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What We're Looking Forward To As We Lose Things To Look Forward To

Ben Depp
Businesses are boarded up on Frenchman Street, Tuesday afternoon. New Orleans, Louisiana. April 14, 2020.

Last week, we asked readers of our newsletter what they're looking forward to in a time when it feels difficult to look forward to anything.

A friend recently helped me identify a thing I was (am) struggling with as life is canceled and postponed. It's not just the fact of the cancelations and postponements. It's something a little bigger — and akin to the very human fear of the unknown. It's that we're losing things to look forward to. So I'm trying to adjust my outlook on that. It might fill me with anxiety to try to look forward to my wedding this fall, but I can, very safely, look forward to: - pretending to be Andy Dufresne in the rain this weekend; - an enormous stalk on my bird of paradise plant unfurling, gloriously; - the to-go margarita I intend to order tomorrow; - listening to this Fiona Apple record 100000000 more times; - being married, no matter what happens to the big party.

They delivered — with reminiscences of family, longing for a snoball, a poem about the crows, and more. 

Here they are, lightly edited for length and clarity. 

From Leslie Roussel:

I am looking forward to each sunrise, each cool, sunny morning when I can take a walk with my husband and our dog, looking for new wildflowers (a.k.a “weeds”) growing along the road.

I am looking forward to the next message from a friend or family member, saying they are doing well, just getting a little bored. Some of us are inventing new projects using recycled items to make fun art. Creativity blooms!

I am still looking forward to an email or message from a grandchild to see if we, their grandparents, are okay. We have heard from their parents about how family members are doing. Grandkids are too busy.

I look forward to gathering again with friends at church, then sharing lunch at Panera. Or gathering with family members. A family reunion sounds like a great idea. 

So you see there is a lot to look forward to. Even a trip to the grocery store would, at this point, be an event!

From Alvin DuVernay III:

I look forward to observing Terra Mater's wonders away from my front porch:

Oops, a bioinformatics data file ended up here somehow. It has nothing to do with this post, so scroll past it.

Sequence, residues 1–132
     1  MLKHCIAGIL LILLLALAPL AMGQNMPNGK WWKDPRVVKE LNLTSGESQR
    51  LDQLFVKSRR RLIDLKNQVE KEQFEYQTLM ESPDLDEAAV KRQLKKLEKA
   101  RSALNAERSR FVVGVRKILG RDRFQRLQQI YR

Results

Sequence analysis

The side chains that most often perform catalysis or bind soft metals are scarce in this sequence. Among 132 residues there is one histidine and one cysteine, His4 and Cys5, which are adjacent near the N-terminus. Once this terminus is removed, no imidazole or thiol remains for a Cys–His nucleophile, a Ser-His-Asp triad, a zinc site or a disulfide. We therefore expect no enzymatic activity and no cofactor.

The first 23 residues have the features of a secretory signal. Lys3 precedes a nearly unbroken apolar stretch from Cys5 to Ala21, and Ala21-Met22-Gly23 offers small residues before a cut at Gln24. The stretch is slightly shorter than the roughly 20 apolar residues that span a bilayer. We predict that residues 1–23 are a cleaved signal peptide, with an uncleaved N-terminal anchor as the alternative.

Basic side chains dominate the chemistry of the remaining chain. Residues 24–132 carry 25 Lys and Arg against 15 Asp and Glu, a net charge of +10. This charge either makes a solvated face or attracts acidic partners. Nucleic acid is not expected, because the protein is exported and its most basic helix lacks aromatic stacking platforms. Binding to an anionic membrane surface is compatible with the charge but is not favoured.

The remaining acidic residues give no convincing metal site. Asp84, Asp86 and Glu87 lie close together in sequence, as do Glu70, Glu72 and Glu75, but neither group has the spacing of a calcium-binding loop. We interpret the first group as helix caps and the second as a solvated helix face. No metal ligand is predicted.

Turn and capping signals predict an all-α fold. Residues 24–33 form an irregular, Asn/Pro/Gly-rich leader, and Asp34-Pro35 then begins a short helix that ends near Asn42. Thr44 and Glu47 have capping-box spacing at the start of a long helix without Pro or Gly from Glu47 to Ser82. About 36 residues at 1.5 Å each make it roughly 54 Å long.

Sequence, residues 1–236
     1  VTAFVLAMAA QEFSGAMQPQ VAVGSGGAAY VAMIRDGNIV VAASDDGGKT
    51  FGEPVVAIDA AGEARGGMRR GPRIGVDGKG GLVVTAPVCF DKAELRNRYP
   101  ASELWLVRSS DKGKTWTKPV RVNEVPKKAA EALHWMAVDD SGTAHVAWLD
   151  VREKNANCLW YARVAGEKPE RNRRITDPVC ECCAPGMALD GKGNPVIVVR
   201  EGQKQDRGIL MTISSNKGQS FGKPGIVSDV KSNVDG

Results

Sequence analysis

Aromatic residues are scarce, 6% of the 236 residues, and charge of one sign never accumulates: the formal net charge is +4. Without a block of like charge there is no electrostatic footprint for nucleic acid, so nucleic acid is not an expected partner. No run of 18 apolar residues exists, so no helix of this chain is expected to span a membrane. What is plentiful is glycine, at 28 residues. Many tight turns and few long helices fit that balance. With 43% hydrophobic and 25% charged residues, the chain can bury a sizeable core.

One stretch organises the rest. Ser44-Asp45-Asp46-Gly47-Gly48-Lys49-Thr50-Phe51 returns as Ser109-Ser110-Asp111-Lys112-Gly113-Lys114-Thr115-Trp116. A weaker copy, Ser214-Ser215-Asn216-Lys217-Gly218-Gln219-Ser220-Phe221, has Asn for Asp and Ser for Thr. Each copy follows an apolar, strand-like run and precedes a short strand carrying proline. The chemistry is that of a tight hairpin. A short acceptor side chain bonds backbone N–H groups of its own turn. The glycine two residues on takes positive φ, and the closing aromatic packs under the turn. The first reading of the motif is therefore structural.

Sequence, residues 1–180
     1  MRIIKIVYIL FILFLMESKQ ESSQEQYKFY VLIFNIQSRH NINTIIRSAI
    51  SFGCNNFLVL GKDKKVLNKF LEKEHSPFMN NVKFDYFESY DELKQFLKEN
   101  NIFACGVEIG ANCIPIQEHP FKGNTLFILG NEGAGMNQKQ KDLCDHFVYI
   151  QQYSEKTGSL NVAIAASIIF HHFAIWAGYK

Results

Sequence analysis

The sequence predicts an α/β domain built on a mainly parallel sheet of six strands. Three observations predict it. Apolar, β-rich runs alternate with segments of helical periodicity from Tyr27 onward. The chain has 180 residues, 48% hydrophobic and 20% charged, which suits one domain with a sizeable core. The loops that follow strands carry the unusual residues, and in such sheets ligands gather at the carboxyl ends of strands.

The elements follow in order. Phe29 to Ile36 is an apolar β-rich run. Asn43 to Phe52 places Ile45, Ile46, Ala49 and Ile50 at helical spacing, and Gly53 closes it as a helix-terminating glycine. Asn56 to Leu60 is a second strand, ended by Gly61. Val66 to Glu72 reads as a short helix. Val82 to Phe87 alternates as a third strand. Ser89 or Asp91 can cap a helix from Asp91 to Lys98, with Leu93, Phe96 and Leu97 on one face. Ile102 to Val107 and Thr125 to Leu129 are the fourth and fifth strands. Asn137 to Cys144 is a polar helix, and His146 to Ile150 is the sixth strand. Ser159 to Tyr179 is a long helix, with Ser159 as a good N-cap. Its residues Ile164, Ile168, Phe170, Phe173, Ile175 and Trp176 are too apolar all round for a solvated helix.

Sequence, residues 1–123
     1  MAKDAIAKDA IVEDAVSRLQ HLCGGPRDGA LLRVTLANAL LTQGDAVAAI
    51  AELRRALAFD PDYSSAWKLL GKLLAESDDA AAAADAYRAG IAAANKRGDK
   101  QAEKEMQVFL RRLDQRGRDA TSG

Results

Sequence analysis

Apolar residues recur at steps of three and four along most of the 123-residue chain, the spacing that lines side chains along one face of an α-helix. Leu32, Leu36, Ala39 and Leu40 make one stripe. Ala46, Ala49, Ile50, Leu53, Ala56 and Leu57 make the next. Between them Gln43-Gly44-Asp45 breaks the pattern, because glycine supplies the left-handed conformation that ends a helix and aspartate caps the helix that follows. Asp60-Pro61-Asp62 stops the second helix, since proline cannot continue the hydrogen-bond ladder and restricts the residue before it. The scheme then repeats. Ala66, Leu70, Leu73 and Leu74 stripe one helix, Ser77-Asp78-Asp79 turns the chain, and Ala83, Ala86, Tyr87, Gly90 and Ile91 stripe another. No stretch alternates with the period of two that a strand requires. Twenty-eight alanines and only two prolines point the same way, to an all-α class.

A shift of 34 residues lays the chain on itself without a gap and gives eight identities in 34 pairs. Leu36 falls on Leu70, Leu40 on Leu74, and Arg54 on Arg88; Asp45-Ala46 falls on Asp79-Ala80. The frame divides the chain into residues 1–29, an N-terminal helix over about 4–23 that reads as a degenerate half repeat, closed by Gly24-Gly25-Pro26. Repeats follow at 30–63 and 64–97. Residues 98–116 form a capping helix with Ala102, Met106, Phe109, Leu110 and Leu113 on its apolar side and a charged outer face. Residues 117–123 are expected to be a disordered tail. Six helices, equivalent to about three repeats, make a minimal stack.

While having my second cup and reading the paper this morning.

I hear this lovely resonance out front and amble out to investigate.

Can you dig it? 500 Crows in my Live Oak carrying on as Crows are want to do.

I pour a third cup. This one spiked with C'lur and I revel in the din.

A couple neighbors came out as well to see "what's the buzz..."

They retreated back indoors seemingly unimpressed or even annoyed.

Oddly this caused me to smile even bigger.

Happy tears even emerged. Though sympathetic ones would be better.

They heard a cacophony. Anxious and irritating.

I heard bird song. Crystalline and glorious.

Fourth cup, more C'lur.

A couple Crows flew down to the ground with grave animation.

I stood for better perspective and saw the subject of their concern and chorus.

A comrade Crow with a broken wing. Hopping. Helpless.

But not alone. Alas, not alone.

A different tear now. Overwhelmed with sorrow and delight.

Is that even possible?

From Peter Ricchiuti:

A visit to Plum Street Sno-Ball.

From Carolyn Clausing:

One good thing is that I feel less pressure to get things done. Oh, wait perhaps that is not such a good thing.

I miss my lists of things to do with my art guilds and book clubs that I could check off as they were finished. However, I now have new lists, change the sheets, mop floors, wash dishes and clothes, dust the china cabinet, make masks for COVID-19, pull weeds, etc. I miss my cleaning lady. But, housework is not nearly as much fun.

There is one terrifically good thing that has happened. I am getting closer to my husband of 58 years. I love my time with him, a kiss every morning, the discussion of news events over the morning papers. We get three papers so we have a lot to discuss. We get the Morning Advocate, the Wall Street Journal and the New York Times. We are a right and left family with different views, but we still love each other. We have lunch together every day. Sometimes we have a glass of wine on our glider under the big Water Oak in the yard. We take walks together and talk some more. We swim in the pool and are enjoying the warm spring weather.

I miss my family, we used to have dinner together once a week. They do call to check on us and the calls are great. I need to figure out how to use one of the apps that let you see the people you are talking to.

Want more of this?

Sign up for our New Orleans Public Radio newsletter. We'll send you the week's news every Friday, plus a little guide to things to do and maybe a question to answer or two. (We promise not to keep rhyming.)

Ashley Dean is the digital news editor for New Orleans Public Radio. Before coming to New Orleans, she was the editor of Denverite, a digital news startup now under the Colorado Public Radio umbrella. Prior to that she was a copy editor and features writer at the Denver Post, and before that, a music reporter for the Colorado Daily. She graduated from Columbia University with a master's degree in journalism and from Northeastern University with a bachelor's degree in journalism.

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